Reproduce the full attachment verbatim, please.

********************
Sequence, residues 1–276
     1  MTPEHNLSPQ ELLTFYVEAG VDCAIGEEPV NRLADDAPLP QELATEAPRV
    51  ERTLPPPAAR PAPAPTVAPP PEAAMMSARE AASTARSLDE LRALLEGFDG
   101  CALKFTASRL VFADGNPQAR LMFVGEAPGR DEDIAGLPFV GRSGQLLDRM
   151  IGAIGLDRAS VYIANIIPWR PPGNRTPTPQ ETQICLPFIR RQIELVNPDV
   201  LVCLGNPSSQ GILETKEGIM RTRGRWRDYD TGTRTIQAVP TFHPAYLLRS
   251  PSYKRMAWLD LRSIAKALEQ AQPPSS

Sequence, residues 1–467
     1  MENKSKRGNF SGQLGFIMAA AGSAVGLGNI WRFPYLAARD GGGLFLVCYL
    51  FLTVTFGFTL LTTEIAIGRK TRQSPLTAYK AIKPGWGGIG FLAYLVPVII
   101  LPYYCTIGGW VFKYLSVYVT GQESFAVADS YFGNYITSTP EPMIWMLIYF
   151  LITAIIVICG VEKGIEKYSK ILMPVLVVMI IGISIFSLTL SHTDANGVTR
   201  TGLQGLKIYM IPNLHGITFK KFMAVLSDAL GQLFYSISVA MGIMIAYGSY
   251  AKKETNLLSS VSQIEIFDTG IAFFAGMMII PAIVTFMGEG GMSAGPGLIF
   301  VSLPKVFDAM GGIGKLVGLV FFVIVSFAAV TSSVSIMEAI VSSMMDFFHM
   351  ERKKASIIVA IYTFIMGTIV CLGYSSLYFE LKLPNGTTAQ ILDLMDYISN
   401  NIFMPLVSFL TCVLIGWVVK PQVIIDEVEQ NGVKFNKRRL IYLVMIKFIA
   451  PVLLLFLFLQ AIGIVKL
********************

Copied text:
Sequence, residues 1–276
     1  MTPEHNLSPQ ELLTFYVEAG VDCAIGEEPV NRLADDAPLP QELATEAPRV
    51  ERTLPPPAAR PAPAPTVAPP PEAAMMSARE AASTARSLDE LRALLEGFDG
   101  CALKFTASRL VFADGNPQAR LMFVGEAPGR DEDIAGLPFV GRSGQLLDRM
   151  IGAIGLDRAS VYIANIIPWR PPGNRTPTPQ ETQICLPFIR RQIELVNPDV
   201  LVCLGNPSSQ GILETKEGIM RTRGRWRDYD TGTRTIQAVP TFHPAYLLRS
   251  PSYKRMAWLD LRSIAKALEQ AQPPSS

Sequence, residues 1–467
     1  MENKSKRGNF SGQLGFIMAA AGSAVGLGNI WRFPYLAARD GGGLFLVCYL
    51  FLTVTFGFTL LTTEIAIGRK TRQSPLTAYK AIKPGWGGIG FLAYLVPVII
   101  LPYYCTIGGW VFKYLSVYVT GQESFAVADS YFGNYITSTP EPMIWMLIYF
   151  LITAIIVICG VEKGIEKYSK ILMPVLVVMI IGISIFSLTL SHTDANGVTR
   201  TGLQGLKIYM IPNLHGITFK KFMAVLSDAL GQLFYSISVA MGIMIAYGSY
   251  AKKETNLLSS VSQIEIFDTG IAFFAGMMII PAIVTFMGEG GMSAGPGLIF
   301  VSLPKVFDAM GGIGKLVGLV FFVIVSFAAV TSSVSIMEAI VSSMMDFFHM
   351  ERKKASIIVA IYTFIMGTIV CLGYSSLYFE LKLPNGTTAQ ILDLMDYISN
   401  NIFMPLVSFL TCVLIGWVVK PQVIIDEVEQ NGVKFNKRRL IYLVMIKFIA
   451  PVLLLFLFLQ AIGIVKL